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I suppose the one thing the right hon. Gentleman has learned about being in opposition is that it is best for a party to try to forget everything that it did in government, because it will not be held to account for it. He has also recognised that the best thing is to have no ideas of his own. He does not even seem to know whether he agrees with our ideas or opposes them. We do not have any answers from him. The right hon. Gentleman’s quotation was from the former, not current, chair of Monitor, who knows perfectly well that these measures were in our respective manifestos and were brought together in the coalition agreement. They have a mandate. From my point of view, this is not just about the electoral mandate but about how we can deliver the best care for patients and see through principles that I thought the right hon. Gentleman’s party, as well as ours, believed were right.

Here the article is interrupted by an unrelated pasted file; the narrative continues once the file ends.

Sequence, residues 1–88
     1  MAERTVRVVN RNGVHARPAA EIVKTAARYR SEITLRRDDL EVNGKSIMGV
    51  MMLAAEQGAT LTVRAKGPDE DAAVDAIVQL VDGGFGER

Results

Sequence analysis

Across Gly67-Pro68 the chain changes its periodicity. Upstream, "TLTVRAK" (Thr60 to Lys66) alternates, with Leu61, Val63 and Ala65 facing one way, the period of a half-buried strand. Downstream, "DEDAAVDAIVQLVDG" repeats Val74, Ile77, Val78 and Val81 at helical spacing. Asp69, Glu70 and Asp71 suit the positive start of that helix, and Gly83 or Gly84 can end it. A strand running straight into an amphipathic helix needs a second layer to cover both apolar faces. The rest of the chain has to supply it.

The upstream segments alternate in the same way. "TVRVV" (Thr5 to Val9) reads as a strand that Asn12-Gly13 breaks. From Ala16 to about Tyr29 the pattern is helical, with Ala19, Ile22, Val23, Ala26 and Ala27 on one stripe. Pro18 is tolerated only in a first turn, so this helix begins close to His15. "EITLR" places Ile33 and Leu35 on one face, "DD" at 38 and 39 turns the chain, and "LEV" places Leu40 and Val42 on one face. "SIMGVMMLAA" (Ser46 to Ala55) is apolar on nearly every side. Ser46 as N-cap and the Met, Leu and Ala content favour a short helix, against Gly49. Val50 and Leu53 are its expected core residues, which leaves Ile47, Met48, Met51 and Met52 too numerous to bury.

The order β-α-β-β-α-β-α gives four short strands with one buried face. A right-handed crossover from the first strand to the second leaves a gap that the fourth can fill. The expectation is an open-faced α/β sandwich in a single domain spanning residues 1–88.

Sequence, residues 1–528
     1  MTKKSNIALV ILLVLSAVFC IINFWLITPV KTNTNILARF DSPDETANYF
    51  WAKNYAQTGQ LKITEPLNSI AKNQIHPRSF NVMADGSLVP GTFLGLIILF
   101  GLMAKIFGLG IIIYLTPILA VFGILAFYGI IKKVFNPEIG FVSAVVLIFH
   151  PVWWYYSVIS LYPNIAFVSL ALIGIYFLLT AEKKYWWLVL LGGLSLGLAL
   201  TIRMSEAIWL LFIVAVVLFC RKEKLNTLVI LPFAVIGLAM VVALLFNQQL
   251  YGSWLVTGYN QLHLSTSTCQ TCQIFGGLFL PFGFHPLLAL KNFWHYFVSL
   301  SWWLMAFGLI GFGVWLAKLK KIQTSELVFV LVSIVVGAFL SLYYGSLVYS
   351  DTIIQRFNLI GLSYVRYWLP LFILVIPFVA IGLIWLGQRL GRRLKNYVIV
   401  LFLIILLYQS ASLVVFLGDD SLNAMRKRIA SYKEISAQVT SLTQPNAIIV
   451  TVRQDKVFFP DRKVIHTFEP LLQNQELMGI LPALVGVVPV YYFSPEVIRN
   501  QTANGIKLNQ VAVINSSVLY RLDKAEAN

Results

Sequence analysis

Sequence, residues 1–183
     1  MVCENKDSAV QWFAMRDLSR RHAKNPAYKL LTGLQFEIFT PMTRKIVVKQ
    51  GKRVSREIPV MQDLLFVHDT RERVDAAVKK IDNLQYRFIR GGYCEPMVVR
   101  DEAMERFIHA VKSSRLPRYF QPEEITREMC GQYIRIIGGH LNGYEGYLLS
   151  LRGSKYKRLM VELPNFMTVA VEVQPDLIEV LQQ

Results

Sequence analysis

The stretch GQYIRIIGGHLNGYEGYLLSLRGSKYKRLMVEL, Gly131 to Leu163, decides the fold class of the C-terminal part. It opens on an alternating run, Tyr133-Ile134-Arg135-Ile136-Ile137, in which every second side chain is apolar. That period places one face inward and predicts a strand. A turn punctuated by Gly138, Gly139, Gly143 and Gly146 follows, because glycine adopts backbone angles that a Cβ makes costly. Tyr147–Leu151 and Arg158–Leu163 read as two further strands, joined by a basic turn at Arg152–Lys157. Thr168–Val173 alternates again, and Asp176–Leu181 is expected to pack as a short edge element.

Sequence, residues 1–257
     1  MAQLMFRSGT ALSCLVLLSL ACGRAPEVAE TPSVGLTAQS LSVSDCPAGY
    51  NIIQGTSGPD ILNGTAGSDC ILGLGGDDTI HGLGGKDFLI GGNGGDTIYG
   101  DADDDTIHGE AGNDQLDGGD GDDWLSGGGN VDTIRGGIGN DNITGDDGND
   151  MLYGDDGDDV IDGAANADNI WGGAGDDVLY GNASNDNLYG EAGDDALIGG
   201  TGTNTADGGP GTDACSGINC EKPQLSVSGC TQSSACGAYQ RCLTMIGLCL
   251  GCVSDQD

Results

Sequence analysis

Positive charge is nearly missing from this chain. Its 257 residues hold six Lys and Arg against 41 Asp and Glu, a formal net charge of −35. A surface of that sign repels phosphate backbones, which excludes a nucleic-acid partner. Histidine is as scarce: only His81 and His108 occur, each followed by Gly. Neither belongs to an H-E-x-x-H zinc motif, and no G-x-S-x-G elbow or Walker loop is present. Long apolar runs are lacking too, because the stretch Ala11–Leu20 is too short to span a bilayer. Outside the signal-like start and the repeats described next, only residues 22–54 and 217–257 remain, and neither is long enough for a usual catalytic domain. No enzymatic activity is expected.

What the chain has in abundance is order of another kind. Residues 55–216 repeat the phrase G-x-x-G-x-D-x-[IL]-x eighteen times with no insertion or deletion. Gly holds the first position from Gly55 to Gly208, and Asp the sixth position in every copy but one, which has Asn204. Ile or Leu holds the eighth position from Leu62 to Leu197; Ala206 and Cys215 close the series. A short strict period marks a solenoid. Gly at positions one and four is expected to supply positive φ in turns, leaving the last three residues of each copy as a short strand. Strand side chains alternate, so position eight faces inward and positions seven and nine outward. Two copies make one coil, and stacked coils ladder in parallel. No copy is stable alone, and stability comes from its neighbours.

Let me make it clear that the challenges in the NHS are about more than just clearing up Labour’s mess. We must recognise that there are now more pensioners than children under 16, alcohol-related admissions to hospital have doubled and emergency admissions have risen by 12% in just four years. Obesity in this country has doubled in the last 25 years. Under Labour, the demand for health care was rising while productivity was falling. The only way that Labour could cover those risks was by massively increasing the budget and that is no longer an option. Mounting pressure on the NHS is inevitable and the status quo, as Labour recognises, is not an option. The NHS needs modernisation.